A Lesson from Cleaning Blinds

We go along, busy with life, work, school, church responsibilities, families, thinking things are okay. But when we take time to sit back and ponder having the Spirit or the Light with us, we look a little closer and we can see that there are some things, or “dirt,” that we can clean out of our lives to be clean and pure before the Lord.

I went to Utah to help our son with his boys while his wife went to Girls’ Camp – a week-long camp for teenage girls. I knew she had been busy, not only with her three small boys, but there is a lot to do when you are in charge of a Girls’ Camp: you are planning activities as well as food. So I wanted to help with some of the deep cleaning that I knew she had not had time to do.

One of the things I wanted to do was clean her blinds and windows – sometimes those are the things that get forgotten or are last on the list. I told my son one evening that that would be my main focus the next day. He looked at them and said, “Mom, don’t worry about it. They don’t need to be cleaned.” I thought, “Well, it’s dark, and you can’t see that they do need it without the daylight.”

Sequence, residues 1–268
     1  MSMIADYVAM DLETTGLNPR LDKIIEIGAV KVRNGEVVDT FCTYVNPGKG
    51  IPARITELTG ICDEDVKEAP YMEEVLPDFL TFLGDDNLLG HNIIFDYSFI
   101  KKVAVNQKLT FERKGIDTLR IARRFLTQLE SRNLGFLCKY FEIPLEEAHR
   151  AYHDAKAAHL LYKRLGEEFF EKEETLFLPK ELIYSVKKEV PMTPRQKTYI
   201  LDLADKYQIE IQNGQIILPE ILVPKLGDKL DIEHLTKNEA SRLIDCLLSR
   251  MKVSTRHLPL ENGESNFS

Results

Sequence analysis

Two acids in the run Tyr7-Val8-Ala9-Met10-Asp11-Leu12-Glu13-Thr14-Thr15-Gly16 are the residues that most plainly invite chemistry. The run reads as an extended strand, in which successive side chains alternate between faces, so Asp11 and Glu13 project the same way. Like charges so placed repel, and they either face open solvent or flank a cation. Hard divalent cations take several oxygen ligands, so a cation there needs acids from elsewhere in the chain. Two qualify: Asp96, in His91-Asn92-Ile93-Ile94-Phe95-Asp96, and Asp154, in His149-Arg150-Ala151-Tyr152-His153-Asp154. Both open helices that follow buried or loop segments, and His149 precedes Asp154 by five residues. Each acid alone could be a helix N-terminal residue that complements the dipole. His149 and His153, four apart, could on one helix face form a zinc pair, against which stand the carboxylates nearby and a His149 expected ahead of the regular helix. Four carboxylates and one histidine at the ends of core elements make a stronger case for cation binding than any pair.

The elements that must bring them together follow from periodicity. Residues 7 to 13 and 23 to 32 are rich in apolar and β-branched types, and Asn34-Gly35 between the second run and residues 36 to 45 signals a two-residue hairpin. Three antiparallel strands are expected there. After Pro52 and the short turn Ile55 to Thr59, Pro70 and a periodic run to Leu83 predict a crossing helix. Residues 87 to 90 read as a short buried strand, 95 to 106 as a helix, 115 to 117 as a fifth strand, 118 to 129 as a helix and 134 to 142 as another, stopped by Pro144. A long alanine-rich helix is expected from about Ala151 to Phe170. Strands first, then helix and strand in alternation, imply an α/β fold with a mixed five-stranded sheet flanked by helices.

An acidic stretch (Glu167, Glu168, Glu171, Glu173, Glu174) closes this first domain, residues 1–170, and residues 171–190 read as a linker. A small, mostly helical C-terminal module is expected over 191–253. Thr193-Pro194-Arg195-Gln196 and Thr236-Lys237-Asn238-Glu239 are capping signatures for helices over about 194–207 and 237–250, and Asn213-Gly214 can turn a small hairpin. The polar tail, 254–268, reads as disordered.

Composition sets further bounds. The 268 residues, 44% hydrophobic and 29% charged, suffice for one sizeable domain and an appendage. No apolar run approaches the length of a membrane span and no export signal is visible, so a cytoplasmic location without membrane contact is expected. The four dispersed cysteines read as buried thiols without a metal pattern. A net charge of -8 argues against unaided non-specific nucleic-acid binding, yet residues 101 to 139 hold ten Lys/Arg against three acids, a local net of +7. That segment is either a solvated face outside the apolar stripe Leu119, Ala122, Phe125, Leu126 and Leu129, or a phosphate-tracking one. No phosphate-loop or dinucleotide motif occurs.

So the next day, their oldest son and I started to clean them while the other two played beside us. We were about done with the first big window when we looked and saw how dirty the wash water had gotten. I started to think about how this can relate to our spiritual lives. We can sometimes get so caught up in our everyday activities that we forget to do some of the little things that help us stay close to our Father in Heaven. We could say, “I don’t have time to read my scriptures today, so I’ll read extra tomorrow,” and then tomorrow it is easier to put it off one more day. Extracurricular activities may get in the way of Family Home Evening. “I’m too tired to pray on my knees tonight, so I will say a quick prayer in bed.” But we never get to the ‘Amen.’